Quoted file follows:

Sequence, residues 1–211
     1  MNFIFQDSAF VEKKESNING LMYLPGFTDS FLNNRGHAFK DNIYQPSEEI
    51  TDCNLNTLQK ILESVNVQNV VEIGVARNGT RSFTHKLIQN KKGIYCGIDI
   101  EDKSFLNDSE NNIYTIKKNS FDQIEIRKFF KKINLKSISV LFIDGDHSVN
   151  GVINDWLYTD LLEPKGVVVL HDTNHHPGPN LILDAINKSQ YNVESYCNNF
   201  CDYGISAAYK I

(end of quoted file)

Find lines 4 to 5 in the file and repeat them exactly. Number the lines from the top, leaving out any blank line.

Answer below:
   101  EDKSFLNDSE NNIYTIKKNS FDQIEIRKFF KKINLKSISV LFIDGDHSVN
   151  GVINDWLYTD LLEPKGVVVL HDTNHHPGPN LILDAINKSQ YNVESYCNNF